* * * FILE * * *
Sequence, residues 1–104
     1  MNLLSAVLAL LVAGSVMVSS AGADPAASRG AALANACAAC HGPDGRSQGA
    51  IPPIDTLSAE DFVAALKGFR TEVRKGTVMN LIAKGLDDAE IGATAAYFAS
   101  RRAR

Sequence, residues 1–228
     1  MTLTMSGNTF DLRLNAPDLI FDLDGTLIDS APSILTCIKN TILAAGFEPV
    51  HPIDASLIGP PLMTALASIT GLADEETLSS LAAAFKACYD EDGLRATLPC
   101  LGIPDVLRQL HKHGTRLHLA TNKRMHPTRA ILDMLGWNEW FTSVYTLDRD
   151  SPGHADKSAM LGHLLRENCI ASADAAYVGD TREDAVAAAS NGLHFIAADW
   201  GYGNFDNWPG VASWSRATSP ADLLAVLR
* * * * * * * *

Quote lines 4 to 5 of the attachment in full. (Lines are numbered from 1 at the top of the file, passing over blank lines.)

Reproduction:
   101  RRAR

Sequence, residues 1–228